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Cablegate: Combating Extremism in Greece

This record is a partial extract of the original cable. The full text of the original cable is not available.

S E C R E T SECTION 01 OF 04 ATHENS 002529



E.O. 12958: DECL: 09/25/2015

REF: STATE 159129

Classified By: Charge Tom Countryman. Reasons 1.4(b/d).

1. (S) SUMMARY: In Greece, the twin threats of extremism and
violence stem more from a decades-old, homegrown anti-U.S.,
anti-NATO, anti-globalization sentiment that is deeply
engrained in Greek society than from extremism exported from
the Middle East. Domestic terrorist groups and an active
anarchist movement have long been the source of extremism and
violence in Greece. Greece's Muslim community is split
between the Turkish minority in the north (protected under
the Treaty of Lausanne), and a relatively new Athens-based
population of economic migrants from the Middle East and
South Asia. Extremist elements are rare in both. Greek
society's insular focus, with its high premium on "Greekness"
and the Orthodox religion, has created a haven for fringe
groups which target non-Greeks (especially Jews) for
violence. Above all, the United States is Public Enemy
Number One in Greece -- domestic extremist groups regularly
target the U.S. embassy to protest against both past history
and current "American hegemony." To counter extremist
attitudes, the Embassy has a multifaceted outreach program,
designed to promote mutual understanding (an MPP goal)
between the U.S. and Greece, and within Greece's increasingly
heteregeneous population. END SUMMARY.

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2. (S) Extremism in Greece is mostly homegrown, and to a
great extent derives from events unique to Greeks. In 1968 a
military junta overthrew the Greek Goverment in a move that
is still widely (if wrongly) held here to have been at the
behest, or with the connivance, of the U.S. Government. The
Turkish invasion of northern Cyprus in 1974 is also chalked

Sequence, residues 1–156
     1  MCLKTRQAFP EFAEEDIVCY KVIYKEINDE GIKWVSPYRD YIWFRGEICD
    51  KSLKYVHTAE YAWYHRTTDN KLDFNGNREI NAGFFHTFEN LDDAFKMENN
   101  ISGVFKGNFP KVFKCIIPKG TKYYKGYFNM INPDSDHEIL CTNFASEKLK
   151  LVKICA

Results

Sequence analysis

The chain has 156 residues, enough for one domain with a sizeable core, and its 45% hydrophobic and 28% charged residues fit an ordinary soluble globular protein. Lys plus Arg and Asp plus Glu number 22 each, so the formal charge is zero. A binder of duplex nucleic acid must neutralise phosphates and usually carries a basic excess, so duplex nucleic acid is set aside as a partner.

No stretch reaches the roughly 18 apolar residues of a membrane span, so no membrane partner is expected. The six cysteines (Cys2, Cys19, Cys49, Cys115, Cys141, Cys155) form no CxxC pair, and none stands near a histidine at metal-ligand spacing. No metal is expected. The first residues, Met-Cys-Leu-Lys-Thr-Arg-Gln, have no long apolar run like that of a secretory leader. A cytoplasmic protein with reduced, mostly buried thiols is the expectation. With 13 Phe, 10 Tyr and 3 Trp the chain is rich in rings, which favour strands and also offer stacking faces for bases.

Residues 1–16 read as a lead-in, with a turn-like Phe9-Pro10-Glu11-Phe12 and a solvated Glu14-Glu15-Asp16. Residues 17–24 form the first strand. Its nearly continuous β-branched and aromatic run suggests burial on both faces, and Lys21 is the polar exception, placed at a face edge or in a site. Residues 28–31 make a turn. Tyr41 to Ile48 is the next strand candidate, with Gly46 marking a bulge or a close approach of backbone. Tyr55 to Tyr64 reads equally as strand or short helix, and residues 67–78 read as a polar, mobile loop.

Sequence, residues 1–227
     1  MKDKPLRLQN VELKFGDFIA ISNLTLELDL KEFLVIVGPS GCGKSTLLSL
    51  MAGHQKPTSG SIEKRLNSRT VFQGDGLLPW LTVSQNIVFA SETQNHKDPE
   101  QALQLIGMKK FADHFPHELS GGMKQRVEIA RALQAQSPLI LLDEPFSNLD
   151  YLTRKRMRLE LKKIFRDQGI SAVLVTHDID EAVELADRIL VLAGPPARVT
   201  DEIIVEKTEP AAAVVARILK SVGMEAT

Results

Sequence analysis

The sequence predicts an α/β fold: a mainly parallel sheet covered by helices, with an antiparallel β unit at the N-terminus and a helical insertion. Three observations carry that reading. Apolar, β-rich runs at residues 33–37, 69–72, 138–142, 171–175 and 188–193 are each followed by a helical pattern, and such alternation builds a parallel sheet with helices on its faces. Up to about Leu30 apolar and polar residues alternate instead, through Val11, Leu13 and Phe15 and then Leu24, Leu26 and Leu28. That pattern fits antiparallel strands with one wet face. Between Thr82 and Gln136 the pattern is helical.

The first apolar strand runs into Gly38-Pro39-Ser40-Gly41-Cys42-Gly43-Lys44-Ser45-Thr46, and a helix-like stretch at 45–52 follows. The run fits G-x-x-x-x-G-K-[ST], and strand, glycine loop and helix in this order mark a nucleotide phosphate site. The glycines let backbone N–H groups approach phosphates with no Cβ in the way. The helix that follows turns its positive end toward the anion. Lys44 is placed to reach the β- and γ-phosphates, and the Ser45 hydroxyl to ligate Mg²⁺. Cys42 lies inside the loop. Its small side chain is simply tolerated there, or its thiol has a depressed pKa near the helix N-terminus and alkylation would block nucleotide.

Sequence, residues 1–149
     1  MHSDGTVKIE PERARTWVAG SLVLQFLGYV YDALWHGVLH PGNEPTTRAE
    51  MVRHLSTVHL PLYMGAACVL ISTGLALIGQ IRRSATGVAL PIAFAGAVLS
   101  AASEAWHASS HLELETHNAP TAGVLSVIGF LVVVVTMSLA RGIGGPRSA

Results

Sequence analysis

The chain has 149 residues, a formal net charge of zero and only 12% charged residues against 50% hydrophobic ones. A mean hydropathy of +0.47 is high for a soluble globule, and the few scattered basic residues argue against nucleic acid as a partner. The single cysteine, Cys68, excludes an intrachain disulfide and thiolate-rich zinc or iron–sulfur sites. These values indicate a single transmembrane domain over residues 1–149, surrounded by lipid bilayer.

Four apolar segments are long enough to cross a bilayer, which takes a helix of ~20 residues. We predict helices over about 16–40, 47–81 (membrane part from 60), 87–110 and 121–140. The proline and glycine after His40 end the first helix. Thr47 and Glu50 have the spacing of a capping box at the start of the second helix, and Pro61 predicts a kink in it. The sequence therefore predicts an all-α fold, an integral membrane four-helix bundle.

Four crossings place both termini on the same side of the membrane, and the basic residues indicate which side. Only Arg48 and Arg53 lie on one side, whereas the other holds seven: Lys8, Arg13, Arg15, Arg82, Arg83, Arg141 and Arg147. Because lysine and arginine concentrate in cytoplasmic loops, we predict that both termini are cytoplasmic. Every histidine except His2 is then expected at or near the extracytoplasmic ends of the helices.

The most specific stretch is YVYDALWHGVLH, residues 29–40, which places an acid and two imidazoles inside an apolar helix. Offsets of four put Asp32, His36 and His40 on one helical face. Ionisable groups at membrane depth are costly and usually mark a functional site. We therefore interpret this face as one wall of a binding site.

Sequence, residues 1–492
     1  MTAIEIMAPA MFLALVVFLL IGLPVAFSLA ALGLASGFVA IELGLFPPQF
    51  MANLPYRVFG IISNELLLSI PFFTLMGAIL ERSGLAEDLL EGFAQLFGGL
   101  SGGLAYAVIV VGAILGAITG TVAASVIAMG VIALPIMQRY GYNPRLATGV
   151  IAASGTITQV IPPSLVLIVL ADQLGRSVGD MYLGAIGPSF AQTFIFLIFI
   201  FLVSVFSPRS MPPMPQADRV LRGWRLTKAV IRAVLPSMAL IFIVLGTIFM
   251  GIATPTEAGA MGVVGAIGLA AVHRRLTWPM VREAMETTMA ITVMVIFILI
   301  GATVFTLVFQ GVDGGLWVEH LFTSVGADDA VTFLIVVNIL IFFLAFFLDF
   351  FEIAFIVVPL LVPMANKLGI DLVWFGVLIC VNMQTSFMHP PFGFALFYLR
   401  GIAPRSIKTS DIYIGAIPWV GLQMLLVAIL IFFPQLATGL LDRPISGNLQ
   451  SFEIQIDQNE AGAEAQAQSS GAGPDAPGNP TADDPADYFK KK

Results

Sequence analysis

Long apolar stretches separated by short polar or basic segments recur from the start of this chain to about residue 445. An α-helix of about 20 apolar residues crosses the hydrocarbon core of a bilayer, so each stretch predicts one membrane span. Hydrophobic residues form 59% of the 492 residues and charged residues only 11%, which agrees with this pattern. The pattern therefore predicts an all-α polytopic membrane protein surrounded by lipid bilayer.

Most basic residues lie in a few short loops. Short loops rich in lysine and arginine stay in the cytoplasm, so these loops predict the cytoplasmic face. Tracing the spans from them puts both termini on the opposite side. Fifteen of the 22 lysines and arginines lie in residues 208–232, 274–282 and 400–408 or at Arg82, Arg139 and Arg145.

up to American hegemonist planning. Since then, a perceived
bias in U.S. policy toward Turkey (and Greece's own identity
problems vis-a-vis 400 years of Ottoman rule) has further
skewed public opinion against the United States. In recent
history, the Kosovo air campaign and Operation Iraqi Freedom
have both been used to keep public hostility toward the U.S.
at a peak.

-- DOMESTIC TERRORISM: "17 November" (17N), a radical leftist
group, was established in 1975 and named for the student
uprising in Greece on 17 November 1973 against the ruling
military junta. It is anti-Greek establishment, anti-U.S.,
anti-Turkey, and anti-NATO, and has sought the ouster of U.S.
bases from Greece, the removal of Turkish military forces
from Cyprus, and the severing of Greece,s ties to NATO and
the European Union. For 27 years, 17N murdered Greeks and
non-Greeks alike, including five U.S. Embassy employees.
Members of the organization also committed armed robbery, and
carried out rocket attacks against symbolic targets. In 2002
a bungled attack by a 17N operative led to the arrests of
eighteen other suspects. In 2004, fifteen of these 17N
defendants were found guilty and given multiple life
sentences. Some 17N members, including individuals believed
to be involved in the murder of USG employees, remain at
large; others have never been identified. Further, other
domestic terrorist groups continue to operate in Greece, and
while they have not attained the murderous notoriety of 17N,
they serve as a beacon for the extremist segment of the Greek
population. ELA (Revolutionary Popular Struggle) has
described itself as revolutionary, leftist, anti-state,
anti-capitalism, anti-imperialism and strongly anti-U.S. ELA
emerged in the 1970s and has assumed responsibility for over
200 bombing that killed three people. In the 90s, ELA
stopped operations in Greece. Four members of ELA were
arrested in 2004. All four were convicted and each received
an imprisonment of 1,174 years. One member, Christos
Tsigarides has since been released from prison for health
reasons. In 2005 two other members were tried for ELA
actions (both were acquitted).

Recently, two groups, "Revolutionary Action" and
"Revolutionary Struggle" have appeared on the Greek domestic
terrorism radar (it is unclear as yet whether these are, in
fact, two separate groups). Some of Greece's CT elite